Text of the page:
the methodology, and whether the method is generally accepted within the scientific community.”
Coffey v. Dowley Mfg., Inc., 187 F. Supp. 2d 958, 970-71 (M.D. Tenn. 2002) (citing Daubert, 509
U.S. at 593–94). “Although Daubert centered around the admissibility of scientific expert
opinions, the trial court’s gatekeeping function applies to all expert testimony, including that based
upon specialized or technical, as opposed to scientific, knowledge.” Rose v. Sevier Cnty., Tenn.,
No. 3:08-CV-25, 2012 WL 6140991, at *4 (E.D. Tenn. Dec. 11, 2012) (citing Kumho Tire Co.,
Ltd. v. Carmichael, 526 U.S. 137, 138-39 (1999)). “[A] party must show, by a ‘preponderance of
proof,’ that the witness will testify in a manner that will ultimately assist the trier of fact in
understanding and resolving the factual issues involved in the case.” Coffey, 187 F. Supp. 2d at
70-71 (quoting Daubert, 509 U.S. at 593-94).
The Rule 702 inquiry as “a flexible one,” and the Daubert factors do not constitute a
definitive checklist or test. Kumho Tire Co., 526 U.S. at 138-39 (citing Daubert, 509 U.S. at 593).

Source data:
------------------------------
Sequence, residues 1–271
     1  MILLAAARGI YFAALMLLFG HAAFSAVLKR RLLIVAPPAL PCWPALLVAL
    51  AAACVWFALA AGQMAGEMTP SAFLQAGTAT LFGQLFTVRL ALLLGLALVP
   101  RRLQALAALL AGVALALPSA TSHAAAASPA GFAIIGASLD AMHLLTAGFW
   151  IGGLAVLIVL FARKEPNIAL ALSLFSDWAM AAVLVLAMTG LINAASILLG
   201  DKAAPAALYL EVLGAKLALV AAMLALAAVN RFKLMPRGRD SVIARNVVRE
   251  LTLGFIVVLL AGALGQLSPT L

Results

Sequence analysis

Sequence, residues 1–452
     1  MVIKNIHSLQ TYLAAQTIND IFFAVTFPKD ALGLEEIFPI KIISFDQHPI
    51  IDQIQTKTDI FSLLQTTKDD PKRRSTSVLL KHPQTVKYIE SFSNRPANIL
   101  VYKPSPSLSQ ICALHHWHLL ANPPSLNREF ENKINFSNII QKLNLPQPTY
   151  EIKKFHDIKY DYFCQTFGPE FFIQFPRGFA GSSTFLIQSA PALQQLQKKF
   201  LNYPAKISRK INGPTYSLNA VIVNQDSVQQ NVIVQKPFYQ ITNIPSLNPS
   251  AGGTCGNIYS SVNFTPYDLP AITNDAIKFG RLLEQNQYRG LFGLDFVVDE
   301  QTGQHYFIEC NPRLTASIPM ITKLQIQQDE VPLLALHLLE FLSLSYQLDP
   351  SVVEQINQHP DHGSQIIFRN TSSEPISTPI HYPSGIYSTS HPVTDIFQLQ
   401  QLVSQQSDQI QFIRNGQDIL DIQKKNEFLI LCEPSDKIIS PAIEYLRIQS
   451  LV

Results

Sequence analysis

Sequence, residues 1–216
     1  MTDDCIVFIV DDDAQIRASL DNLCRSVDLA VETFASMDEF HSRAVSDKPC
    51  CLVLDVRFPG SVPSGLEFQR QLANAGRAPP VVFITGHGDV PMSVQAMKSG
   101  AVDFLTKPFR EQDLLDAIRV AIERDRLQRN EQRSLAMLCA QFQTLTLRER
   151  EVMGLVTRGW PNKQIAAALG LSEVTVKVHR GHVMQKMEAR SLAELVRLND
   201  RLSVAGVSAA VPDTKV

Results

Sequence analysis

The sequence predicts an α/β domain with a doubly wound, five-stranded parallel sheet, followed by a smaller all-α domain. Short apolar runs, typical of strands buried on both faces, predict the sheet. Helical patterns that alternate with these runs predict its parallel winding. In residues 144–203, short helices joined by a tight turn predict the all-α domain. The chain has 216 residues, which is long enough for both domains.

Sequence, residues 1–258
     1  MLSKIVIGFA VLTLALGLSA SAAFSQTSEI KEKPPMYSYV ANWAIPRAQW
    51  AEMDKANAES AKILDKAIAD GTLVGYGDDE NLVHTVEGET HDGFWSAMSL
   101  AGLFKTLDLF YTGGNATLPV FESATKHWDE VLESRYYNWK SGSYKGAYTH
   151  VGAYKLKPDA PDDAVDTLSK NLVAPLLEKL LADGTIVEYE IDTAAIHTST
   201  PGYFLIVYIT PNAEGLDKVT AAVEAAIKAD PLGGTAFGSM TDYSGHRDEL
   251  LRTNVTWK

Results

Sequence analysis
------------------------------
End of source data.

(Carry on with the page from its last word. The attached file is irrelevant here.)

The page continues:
Although the Rule 702 requirements are treated liberally, “‘that does not mean that a witness is an
expert simply because he claims to be.’” Coffey, 187 F. Supp. 2d at 971 (citing Pride v. BIC Corp.,
218 F.3d 566, 577 (6th Cir. 2000)).
With the above analysis in mind, the Court turns to the Defendants’ arguments in this case.
The Malinaks challenge Kendzior’s qualifications, arguing that he is not qualified to issue
the opinions contained in his report or to testify regarding the conclusions that he purports to have
reached. The Malinaks explain that Kendzior is a mathematician, not an engineer or architect.
They argue that Kendzior’s credentials are not related to a scientific background and will not assist
the trier of fact in determining the issues in this case. The Plaintiffs respond that Kendzior’s
experience and knowledge of slip-and-fall accident prevention qualify him as an expert.
The Court has reviewed Kendzior’s expert disclosures and his deposition testimony and
finds that he is qualified to testify in this area. Kendzior obtained his Bachelor of Science degree
in mathematics from Bradley University in 1985. [Doc. 62-2 at 2]. He is a Walkway Auditor
Certificate Holder, which is an American National Standards Institute (“ANSI”) accreditation. [Id.
at 3]. The ANSI is a professional designation issued through the National Floor Safety Institute.